The gripping story of how scientific detective work solved a 40-year mystery...
Painting a fair picture of the Bay’s oyster heritage is a tough assignment. On the one hand, the Bay’s watermen are its iconographic characters, as native to this region as bullfighters are to Spain. On the other hand, their graceful skipjacks pulled dredges that brought down the Bay’s virgin oyster reefs.
Skeptics have also questioned whether or not there has ever been any invasive species that's singlehandedly caused significant ecological damage in the Chesapeake Bay. The answer is MSX. It was like the Bubonic Plague for oysters, and it originated from elsewhere. If oysters were once hailed as "white gold," then MSX was the White Death.
The remarkable story of how scientists found the origins of MSX - and their speculations about how the parasite ended up in the Chesapeake and Delaware Bay in the first place - is the subject of Who Killed Crassostrea Virginica? by the Maryland Sea Grant. The film traces the decline of the Bay’s native oysters, leading up to the fatal blow brought by MSX and another prevalent disease, called Dermo.
Some might argue that the Bay's oystermen had - through decades of aggressive harvesting - already destroyed their "golden goose." And, there is some truth in that. By knocking down the old bars, watermen not only removed bargeloads of oysters from the Bay, but they left the remaining oysters lying on the bottom. Increasing clouds of sediment covered them, sponges and other predators attacking them.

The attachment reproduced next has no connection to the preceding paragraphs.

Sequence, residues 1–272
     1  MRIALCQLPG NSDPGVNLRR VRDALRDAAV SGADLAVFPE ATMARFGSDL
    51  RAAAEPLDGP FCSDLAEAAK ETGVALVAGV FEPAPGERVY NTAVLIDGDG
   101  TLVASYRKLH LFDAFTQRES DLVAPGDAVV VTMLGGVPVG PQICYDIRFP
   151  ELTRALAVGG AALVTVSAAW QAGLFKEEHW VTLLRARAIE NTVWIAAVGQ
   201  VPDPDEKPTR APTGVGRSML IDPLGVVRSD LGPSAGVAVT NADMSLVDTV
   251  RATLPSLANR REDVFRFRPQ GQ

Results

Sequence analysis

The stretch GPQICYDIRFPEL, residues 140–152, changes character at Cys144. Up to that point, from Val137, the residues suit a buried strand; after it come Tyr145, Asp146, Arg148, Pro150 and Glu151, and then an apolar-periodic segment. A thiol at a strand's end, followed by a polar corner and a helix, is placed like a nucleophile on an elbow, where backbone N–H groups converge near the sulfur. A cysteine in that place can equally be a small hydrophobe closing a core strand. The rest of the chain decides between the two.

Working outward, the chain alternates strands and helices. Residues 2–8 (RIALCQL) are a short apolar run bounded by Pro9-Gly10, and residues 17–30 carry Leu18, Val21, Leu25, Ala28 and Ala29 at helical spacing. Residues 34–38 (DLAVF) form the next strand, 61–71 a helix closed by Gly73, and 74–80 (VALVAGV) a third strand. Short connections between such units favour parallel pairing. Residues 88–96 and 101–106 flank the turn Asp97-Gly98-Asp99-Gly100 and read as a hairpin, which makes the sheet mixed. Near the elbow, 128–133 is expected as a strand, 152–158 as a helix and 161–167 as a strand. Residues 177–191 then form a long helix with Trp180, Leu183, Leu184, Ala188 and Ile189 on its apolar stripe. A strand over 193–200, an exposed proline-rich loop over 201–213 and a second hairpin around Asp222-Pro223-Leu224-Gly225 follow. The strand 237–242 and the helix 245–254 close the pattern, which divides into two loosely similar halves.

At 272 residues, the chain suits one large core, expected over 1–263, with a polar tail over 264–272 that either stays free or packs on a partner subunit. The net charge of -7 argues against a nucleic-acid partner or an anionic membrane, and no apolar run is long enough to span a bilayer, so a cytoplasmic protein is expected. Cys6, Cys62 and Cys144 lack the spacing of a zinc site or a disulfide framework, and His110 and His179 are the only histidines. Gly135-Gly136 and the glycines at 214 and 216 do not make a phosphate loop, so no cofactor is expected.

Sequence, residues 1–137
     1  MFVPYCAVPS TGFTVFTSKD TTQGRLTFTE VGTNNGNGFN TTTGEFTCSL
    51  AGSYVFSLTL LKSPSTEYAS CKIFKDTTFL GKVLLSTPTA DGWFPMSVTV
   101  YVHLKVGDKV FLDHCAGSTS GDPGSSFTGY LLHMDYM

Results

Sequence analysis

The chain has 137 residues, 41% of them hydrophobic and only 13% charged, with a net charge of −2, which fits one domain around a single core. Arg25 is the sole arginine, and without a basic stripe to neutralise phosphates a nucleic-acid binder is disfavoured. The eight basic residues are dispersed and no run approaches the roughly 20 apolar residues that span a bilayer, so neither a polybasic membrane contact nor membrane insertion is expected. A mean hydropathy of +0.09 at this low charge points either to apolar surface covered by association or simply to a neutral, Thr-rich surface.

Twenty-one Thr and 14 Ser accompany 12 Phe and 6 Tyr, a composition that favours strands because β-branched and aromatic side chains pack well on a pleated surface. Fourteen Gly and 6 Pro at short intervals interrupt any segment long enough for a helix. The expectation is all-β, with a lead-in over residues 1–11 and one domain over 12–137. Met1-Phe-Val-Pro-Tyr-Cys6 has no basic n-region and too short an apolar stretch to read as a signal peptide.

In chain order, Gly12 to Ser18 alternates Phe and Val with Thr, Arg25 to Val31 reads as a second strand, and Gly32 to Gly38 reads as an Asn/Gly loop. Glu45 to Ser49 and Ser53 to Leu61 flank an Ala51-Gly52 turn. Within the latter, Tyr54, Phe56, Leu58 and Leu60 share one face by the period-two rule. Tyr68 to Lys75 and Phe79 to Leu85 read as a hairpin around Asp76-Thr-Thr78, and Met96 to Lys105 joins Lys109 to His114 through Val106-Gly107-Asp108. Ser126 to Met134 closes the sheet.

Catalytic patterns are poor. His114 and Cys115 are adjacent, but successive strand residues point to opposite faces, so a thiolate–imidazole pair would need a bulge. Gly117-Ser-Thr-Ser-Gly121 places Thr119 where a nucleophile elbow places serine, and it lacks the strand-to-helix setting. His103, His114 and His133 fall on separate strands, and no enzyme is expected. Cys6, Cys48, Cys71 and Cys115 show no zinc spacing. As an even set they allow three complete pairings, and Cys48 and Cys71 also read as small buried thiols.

This documentary re-evaluates the usual suspects - over-harvesting, pollution, disease and mismanagement - in light of fresh findings from science labs, from the bottom of the Bay, and from long-forgotten historical archives.
Produced, written, and directed by veteran filmmaker Michael W. Fincham, the film captures both the poignant destruction of a fabled fishery and the prolonged scientific inquiry into the origins of the killer parasite.
Our monthly Environmental Film Series is presented through an ongoing partnership with the Havre De Grace Maritime Museum. We are sponsored by a generous grant from the Joseph Robert Foundation.